I had a fancy Chinese banquet dinner last night with my family and we had this number for dessert. I’m familiar with it – the name (in Cantonese), the taste, the fact that it’s a delicacy, that I’ve been told it’s nourishing – but that’s about the extent of my knowledge!
Curious, I began to search the inter webs to find out what this was. I had no luck! I had no idea what it was called in English. Thank goodness for the help of my father! After typing its Chinese name in Google Translate, the results were hilarious! “Snow Cream” was the first one which was inaccurate; the second, “Snow Nail Cream” would be the closest because it is the literal meaning of each Chinese character that makes up the name of this dessert. After a few more attempts, Father + Google Translate = Success! The results may astound you… Or not… If you are of Asian descent and can afford to enjoy this on a regular basis. But if you’re in the same boat as me then this is a jaw dropper. (Maybe)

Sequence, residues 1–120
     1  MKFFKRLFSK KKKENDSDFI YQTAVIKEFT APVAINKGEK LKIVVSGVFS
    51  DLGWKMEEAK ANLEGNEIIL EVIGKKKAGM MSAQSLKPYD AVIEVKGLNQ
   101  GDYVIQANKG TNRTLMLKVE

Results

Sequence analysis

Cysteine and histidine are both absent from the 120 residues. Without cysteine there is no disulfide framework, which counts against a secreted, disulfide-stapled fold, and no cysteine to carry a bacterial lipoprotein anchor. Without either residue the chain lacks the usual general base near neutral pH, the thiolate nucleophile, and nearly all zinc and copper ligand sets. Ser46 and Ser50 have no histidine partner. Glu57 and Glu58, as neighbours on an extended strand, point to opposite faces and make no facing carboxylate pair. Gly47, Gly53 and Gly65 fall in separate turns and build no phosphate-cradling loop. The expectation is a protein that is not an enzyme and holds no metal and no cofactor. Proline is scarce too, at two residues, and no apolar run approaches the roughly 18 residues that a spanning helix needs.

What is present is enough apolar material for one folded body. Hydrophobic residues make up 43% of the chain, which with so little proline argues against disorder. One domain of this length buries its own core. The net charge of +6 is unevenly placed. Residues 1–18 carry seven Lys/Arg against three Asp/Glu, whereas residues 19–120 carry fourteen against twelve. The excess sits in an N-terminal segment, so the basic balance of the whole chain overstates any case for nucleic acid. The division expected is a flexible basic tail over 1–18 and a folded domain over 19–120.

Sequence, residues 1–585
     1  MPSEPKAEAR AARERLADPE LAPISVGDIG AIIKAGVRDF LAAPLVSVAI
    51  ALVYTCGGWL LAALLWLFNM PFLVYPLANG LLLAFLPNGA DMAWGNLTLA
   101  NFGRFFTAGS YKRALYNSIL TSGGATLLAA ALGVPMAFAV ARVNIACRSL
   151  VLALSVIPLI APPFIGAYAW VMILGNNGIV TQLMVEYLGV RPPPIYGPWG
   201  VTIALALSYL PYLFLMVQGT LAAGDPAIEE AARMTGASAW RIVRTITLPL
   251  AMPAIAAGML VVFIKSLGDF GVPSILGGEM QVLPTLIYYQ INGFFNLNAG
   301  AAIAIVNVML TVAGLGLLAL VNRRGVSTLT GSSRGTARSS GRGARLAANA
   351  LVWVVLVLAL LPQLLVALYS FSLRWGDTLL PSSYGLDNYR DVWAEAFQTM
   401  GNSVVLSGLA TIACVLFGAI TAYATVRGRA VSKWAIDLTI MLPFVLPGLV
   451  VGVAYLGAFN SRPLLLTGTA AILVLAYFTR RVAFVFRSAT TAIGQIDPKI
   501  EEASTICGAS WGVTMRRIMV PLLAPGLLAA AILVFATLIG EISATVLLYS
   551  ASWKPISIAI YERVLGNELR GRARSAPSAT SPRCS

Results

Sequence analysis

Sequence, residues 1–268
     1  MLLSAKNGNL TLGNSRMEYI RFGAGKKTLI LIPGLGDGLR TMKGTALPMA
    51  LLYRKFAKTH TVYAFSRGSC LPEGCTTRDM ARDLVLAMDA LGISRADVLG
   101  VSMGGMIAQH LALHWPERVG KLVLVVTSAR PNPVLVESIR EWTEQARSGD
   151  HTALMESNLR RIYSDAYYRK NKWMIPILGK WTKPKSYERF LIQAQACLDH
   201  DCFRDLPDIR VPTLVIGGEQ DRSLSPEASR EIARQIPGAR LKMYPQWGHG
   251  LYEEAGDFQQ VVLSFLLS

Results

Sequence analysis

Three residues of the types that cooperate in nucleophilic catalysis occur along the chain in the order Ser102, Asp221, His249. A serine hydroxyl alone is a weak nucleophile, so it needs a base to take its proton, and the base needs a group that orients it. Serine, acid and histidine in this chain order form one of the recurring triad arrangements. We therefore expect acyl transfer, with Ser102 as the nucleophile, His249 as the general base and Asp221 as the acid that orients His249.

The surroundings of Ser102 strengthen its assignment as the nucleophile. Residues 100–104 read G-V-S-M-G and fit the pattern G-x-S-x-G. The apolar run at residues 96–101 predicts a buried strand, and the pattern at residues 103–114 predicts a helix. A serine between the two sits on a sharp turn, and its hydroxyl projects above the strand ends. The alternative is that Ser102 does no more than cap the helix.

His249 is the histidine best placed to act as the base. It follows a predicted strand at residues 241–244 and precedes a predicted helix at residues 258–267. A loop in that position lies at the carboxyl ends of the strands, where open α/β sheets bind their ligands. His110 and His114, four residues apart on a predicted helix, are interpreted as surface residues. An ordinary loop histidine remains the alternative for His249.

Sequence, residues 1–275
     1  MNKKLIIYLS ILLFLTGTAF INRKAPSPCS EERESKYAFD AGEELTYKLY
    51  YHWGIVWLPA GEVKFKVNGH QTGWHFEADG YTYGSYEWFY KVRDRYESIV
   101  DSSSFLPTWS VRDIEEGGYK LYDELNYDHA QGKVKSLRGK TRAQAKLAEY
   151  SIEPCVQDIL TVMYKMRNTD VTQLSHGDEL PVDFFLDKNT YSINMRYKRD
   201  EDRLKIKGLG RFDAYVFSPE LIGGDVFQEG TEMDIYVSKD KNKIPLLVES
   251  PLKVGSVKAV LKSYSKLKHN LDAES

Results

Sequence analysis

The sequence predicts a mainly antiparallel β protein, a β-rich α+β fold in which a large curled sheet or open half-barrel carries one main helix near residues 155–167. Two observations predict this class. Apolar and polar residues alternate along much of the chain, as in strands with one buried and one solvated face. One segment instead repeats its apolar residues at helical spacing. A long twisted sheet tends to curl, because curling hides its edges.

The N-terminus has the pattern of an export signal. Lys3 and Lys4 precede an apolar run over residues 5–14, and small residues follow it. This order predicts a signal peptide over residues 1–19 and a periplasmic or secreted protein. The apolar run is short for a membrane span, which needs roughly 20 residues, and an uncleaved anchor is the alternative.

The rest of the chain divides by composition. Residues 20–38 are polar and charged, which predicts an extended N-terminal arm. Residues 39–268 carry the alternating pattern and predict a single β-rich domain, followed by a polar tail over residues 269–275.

Those bits you can see in this milk based dessert is Hasma. What is Hasma? It’s fatty tissue found near the Fallopian tubes of true frogs (as opposed to… False frogs? I may be naive). Anyway, Hasma or Xue Ge Gao (in Mandarin) otherwise known as toad oil or Snow Jelly has a light, glutinous texture and has a slight sweet and savoury taste when used in desserts. It’s potential health benefits include: improving skin complexion, replenishing vital organs and treatment of some respiratory symptoms like coughing. Another common dessert combination is Hasma and Red Dates, seriously soothing on the throat. But regardless of whether it lives up to its health claims, Hasma used in Chinese desserts is delicious and has a soothing feeling on the palate. If you’d like more information on this Chinese delicacy, click here.